Johnson went out to Australia a good many years ago with his young wife and two children, as assisted emigrants. He should have left his wife and children with her mother, in a street off City Road, N., and gone out by himself and got settled down comfortably and strengthened in the glorious climate and democratic atmosphere of Australia, and in the knowledge that he could worry along a while without his wife, before sending for her. That bit of knowledge would have done her good also, and it would have been better for both of them. But no man knows the future, and few can prescribe for their own wives. If we saw our married lives as others see them, half of us would get divorced. But Johnson was sentimental, he could not bear to part from his wife for a little while. Moreover, man is instinctively against leaving his wife behind; it may be either a natural or a cowardly instinct—but we won’t argue that. I don’t believe that Johnson was a coward in that direction; I believe that he trusted his wife implicitly, or rather that he never dreamed of such a thing—as is the way with most married men. Sentiment is selfishness, perhaps, but we won’t argue that, such arguments come to nothing.
I heard from a fellow-passenger of Johnson’s that he had “a hell of a voyage” because of his young wife’s ignorant selfishness and his own sensitiveness; he bribed stewards for better food and accommodation for his wife and children, paid the stewardess to help with the children, got neither rest, nor peace, nor thanks for himself, and landed in Sydney a nervous wreck, with five pounds out of the ten he started with.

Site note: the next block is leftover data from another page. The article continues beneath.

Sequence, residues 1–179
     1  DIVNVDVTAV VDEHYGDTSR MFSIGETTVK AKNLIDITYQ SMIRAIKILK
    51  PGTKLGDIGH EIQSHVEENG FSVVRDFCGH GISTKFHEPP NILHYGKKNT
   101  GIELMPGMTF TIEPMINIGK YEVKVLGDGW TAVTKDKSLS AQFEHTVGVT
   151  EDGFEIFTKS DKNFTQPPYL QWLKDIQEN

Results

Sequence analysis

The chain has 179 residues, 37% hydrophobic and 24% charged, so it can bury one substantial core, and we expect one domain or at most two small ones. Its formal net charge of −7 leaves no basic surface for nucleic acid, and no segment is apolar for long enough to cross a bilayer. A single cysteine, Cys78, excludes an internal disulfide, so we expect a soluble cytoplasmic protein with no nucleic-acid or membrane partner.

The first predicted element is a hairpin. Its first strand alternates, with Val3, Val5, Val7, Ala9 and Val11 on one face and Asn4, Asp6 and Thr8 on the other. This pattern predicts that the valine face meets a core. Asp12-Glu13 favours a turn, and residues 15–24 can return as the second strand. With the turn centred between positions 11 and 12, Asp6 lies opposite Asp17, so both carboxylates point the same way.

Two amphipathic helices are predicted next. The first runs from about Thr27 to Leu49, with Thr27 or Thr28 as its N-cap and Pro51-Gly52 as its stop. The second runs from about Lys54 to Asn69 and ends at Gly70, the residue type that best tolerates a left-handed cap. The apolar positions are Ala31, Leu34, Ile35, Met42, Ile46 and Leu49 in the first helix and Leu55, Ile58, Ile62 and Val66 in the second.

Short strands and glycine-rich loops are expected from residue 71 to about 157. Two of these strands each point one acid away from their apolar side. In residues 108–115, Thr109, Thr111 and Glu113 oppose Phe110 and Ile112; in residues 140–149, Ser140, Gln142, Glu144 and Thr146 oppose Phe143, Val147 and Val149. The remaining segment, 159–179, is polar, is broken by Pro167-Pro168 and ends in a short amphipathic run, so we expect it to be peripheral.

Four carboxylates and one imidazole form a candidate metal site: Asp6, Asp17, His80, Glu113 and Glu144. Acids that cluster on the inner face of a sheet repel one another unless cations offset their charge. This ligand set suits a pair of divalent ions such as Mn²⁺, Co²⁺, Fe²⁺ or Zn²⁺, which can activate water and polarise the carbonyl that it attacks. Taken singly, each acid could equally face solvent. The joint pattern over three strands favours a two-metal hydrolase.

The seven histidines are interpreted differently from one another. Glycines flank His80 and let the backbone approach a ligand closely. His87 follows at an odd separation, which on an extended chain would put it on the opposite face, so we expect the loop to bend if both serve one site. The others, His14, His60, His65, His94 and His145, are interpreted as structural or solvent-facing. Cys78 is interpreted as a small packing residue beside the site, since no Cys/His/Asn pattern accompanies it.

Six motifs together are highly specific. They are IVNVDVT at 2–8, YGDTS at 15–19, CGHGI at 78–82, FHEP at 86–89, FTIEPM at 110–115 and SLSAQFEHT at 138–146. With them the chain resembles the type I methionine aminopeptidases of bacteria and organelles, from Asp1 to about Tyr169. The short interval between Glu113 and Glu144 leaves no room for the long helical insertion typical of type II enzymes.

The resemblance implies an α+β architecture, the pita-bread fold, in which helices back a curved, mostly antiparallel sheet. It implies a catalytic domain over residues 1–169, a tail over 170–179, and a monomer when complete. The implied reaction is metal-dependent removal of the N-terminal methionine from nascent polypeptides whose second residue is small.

Johnson was a carpenter. He got work from a firm of contractors in Sydney, who, after giving him a fortnight’s trial, sent him up-country to work on the railway station buildings, at the little pastoral mining and farming town of Solong. The railway having come to Solong, things were busy in the building line, and Johnson settled there.
Johnson was thin when he came to Solong; he had landed a living skeleton, he said, but he filled out later on. The democratic atmosphere soothed his mind and he soon loved the place for its unconventional hospitality. He worked hard and seemed to have plenty of energy—he said he got it in Australia. He said that another year of the struggle in London would have driven him mad. He fished in the river on Saturday afternoons and Sundays, and, perhaps for the first month or so, he thought that he had found peace. Johnson’s wife was a rather stout, unsympathetic-looking young woman, with the knit of obstinacy in her forehead; she had that stamp of “hardness” on her face which is the rule amongst English and the exception amongst Australian women. We of Solong thought her hard, selfish and narrow-minded, and paltry; later on we thought she was a “bit touched;” but local people often think that of strangers.